And then I notice your remark that only one species of kiwi has ever left New Zealand. Does New Zealand have a ban (official or de facto) on exporting native animals ever for zoological purposes? If not, do you know if there's another reason foreign zoos don't keep weka and tui?

    @jayjds2:
    I recall seeing a kiwiless kiwi enclosure at the San Diego Zoo in 2014 and assuming they were just hiding. Are they sometimes on exhibit, or am I remembering an encounter with the kiwi enclosure at another zoo? (I've been to the Bronx Zoo many times and the DC zoo once or twice.)

    And I did do the aviary trail, or thought I did. I'm very surprised I didn't notice the horned parakeets, though if the exhibit wasn't very good, maybe I just didn't see them.
     
  13. DavidBrown

    DavidBrown Moderator Staff Member

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    The kiwi house at San Diego has been knocked down so they can build their Africa Rocks complex. As you mentioned their tuataras are off-exhibit and probably will forever be. You also mentioned that San Diego has kea, which is entirely possible, but I have never seen them there and am not aware of them if they are on exhibit.

    The Woodland Park Zoo in Seattle, Denver Zoo, and Franklin Park Zoo in Boston all have kea.
     
  14. jbnbsn99

    jbnbsn99 Well-Known Member

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    Ah, a Yankee. I once did Houston and San Antonio Zoos in one day, starting and ending in DFW. We don't bother with the long distances here.
     
  15. Gulo gulo

    Gulo gulo Well-Known Member

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    Memphis no longer has NIB Kiwi. They went to Franklin Park in Boston a few years back.
     
  16. jayjds2

    jayjds2 Well-Known Member

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    The other questions were answered, so I'll address the keas.

    Not sure about the zoos that still have them, but (last I heard) Cincinatti is the SSP coordinator with the largest amount in the US. San Diego does have two (I've met the person who reared them, interestingly enough), and they used to be on exhibit in the Children's Zoo. However, they were replaced by some macaws. I was under the impression that one left the zoo, while the other stayed to perform in a show. The amphitheater where that show was, however, is in the midst of the upcoming African Rocks, so needless to say, it isn't visible anymore. The kea was still there in December of last year, but I do not know if it will still be in that show when it reopens.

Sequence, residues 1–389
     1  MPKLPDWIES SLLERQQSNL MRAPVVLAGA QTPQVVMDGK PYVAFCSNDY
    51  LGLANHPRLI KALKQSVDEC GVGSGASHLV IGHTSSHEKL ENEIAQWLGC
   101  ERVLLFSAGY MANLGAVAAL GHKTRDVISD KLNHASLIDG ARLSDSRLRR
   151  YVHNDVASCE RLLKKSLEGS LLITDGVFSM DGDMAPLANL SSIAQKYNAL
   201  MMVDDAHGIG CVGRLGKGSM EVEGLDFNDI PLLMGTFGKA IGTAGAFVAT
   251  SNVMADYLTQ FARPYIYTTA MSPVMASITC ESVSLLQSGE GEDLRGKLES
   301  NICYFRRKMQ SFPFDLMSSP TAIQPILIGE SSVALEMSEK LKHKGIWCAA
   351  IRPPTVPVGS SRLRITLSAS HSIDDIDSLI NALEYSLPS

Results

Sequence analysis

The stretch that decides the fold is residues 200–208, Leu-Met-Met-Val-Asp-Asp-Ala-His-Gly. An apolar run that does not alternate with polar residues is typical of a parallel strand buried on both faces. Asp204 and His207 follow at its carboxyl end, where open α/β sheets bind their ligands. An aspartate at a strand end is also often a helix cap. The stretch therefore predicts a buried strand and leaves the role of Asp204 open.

17. Hyak_II

    Hyak_II Well-Known Member

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    Edmonton Valley Zoo in Canada has a pair of male Kea on display, and is actually the only public facility in all of Canada with kea's on display :)

    Not really helpful for you seeing them, but still kind of pertinent, lol.
     
  18. Chlidonias

    Chlidonias Moderator Staff Member

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    no, but it would only take a couple of minutes to list the species found outside New Caledonia.

    that was jayjds2 that said that. I would not have said that because it is not true.

    there is no "ban", but NZ generally does not send native animals outside the country.
     
  19. Zygodactyl

    Zygodactyl Well-Known Member

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    I know that kagus, horned parakeets, and New Caledonian crows are all found outside the country (the last for animal intelligence researchers; I'm less sure about zoos). Is that an exhaustive list? And do any zoos have New Caledonian crows?

    Sorry about getting your reply confused with jayjds2. Perhaps I should try to respond to one post at a time. So many people were responding at once, which is awesome (thank you guys), but clearly I got a bit inattentive.

    So if a foreign zoo tried to arrange with a New Zealand zoo to obtain tui or weka, the government would refuse to grant export permits? Or would the zoos themselves refuse?
     
  20. jayjds2

    jayjds2 Well-Known Member

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    I read it on some zoo's website, so I assumed it true. When did any other species leave NZ?